Yesterday’s post was about “ring species”, both as interesting natural phenomena in themselves, and as a reminder that the persistent human tendency to impose discrete categories on continuous phenomena can lead us, if not to outright error, at least to an inaccurate model of the world. Keeping in mind that we are all inclined toward this prejudice — Richard Dawkins calls it the “tyranny of the discontinuous mind” — can help us to avoid not only taxonomic pitfalls, but philosophical ones as well.
There are, of course, occasions when we must impose abitrary boundaries on continuously varying properties. A good example is the voting age. There are obviously serious and thoughtful seventeen-year-olds whose political savvy and judgment far exceeds that of many of their elders, but, since a qualification test for eligibility to vote is a bad idea for a number of good reasons, we need some consistent way of deciding who gets to vote and who doesn’t, and so we draw a line according to age. We try to place the line in a fair place, and although we know that we temporarily exclude some teenagers who would be responsible voters, we aren’t too troubled about that, because we know they’ll get their chance soon enough.
But some of of the thornier issues we must resolve don’t lend themselves so well to arbitrary line-drawing, because there are more serious moral consequences to where we draw our boundaries. Perhaps the most troublesome example is the gradual transition of a just-fertilized ovum — a single cell — to a full-term fetus. The question of animal rights also turns on similar issues: we tend to be protective of what we consider the “higher” animals — chimps, dogs, dolphins, and so forth — because we believe that their subjective awareness, their ability to experience the harm we might cause them, is sufficiently advanced to warrant their inclusion in the “charmed circle” of moral consideration. We are rather less solicitious of, say, chickens — we would rather that they are treated well, but most of us don’t mind slaughtering and eating them (or at least having others do it for us) — and I think there are very few of us who worry much about the suffering of mosquitoes, or bacteria. At what point along the continuum of complexity should we consider an organism to have acquired subjective consciousness?
This all bears directly on the rancorous philosophical debate regarding “original” versus “derived” intentionality, which turns on the apparent discontinuity between the “aboutness” of human minds and the inertness of inanimate matter. Some philosophers have flatly declared this to be an unbridgeable gap, but as I have argued here and elsewhere, I think there is no reason why meaning and intentionality cannot have entered the world gradually, as more complex organisms, with more complex interests and behaviors, came into being. Daniel Dennett has compared these sorts of discontinuity arguments to the notion of the Prime Mammal, an argument that goes like this (taken from Freedom Evolves, p.126):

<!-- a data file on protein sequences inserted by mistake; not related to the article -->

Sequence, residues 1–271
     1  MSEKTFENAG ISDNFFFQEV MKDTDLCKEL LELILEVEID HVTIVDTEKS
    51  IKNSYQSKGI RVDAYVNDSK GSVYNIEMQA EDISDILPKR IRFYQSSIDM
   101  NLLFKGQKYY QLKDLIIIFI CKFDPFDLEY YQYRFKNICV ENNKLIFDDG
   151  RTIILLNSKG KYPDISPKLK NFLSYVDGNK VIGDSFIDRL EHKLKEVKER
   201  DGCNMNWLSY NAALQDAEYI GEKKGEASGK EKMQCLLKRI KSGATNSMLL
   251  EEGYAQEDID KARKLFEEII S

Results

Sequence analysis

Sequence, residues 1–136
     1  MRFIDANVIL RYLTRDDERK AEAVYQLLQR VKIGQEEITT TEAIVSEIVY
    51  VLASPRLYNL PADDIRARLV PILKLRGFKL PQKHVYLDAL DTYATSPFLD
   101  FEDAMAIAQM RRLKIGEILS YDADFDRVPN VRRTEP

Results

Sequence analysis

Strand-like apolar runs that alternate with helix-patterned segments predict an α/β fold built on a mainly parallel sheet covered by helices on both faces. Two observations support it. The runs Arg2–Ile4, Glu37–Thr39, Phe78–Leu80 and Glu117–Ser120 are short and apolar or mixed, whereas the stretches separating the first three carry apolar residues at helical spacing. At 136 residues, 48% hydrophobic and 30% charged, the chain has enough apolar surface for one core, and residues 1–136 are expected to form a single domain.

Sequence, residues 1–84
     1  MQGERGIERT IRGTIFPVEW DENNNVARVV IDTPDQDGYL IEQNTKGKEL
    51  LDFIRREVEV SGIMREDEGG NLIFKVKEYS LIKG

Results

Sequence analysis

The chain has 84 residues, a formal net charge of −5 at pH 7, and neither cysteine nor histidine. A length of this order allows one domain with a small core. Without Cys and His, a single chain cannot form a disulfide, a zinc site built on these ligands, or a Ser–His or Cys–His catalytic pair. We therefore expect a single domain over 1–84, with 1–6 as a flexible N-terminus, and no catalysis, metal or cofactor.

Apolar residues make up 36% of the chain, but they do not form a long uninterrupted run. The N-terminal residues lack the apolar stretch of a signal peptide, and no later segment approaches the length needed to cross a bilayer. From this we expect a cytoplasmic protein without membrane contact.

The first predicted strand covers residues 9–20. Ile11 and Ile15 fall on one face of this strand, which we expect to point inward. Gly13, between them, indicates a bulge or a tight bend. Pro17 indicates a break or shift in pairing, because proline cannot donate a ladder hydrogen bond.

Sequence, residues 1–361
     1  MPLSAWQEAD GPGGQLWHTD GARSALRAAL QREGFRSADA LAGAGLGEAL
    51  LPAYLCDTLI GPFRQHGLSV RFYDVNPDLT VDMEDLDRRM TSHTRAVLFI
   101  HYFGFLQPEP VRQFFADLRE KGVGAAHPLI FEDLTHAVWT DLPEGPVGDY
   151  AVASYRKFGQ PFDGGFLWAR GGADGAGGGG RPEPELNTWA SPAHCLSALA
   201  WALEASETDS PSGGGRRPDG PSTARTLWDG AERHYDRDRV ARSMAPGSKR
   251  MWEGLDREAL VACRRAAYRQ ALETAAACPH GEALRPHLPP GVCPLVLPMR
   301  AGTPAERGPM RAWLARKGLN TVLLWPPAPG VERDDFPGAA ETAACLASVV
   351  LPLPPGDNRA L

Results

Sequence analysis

- Every mammal has a mammal for a mother.
- If there have been any mammals at all, there have been only a finite number of mammals.
- But if there has been even one mammal, then by (1), there must have been an infinity of mammals, which contradicts (2), so there can’t have been any mammals.
This is obviously absurd, and at the heart of the fallacy is our natural tendency to impose the dichotomous “mammal”/”non-mammal” distinction on a connected lineage of creatures that, if we look far enough back, are clearly not mammals, and which, much more recently, clearly are. Presumably, between the two extremes were a series of what Dennett calls “hard-to-classify intermediates”. Mammals breed only with other mammals; should we assume that there was at some point a mother that would have been physiologically unable to mate with her offspring? Almost certainly not, but somehow we made the transition from reptiles to mammals without any need for an abrupt discontinuity. And I agree with Dennett and others that to insist that there is such a boundary in the history of intentionality is to commit the same errror.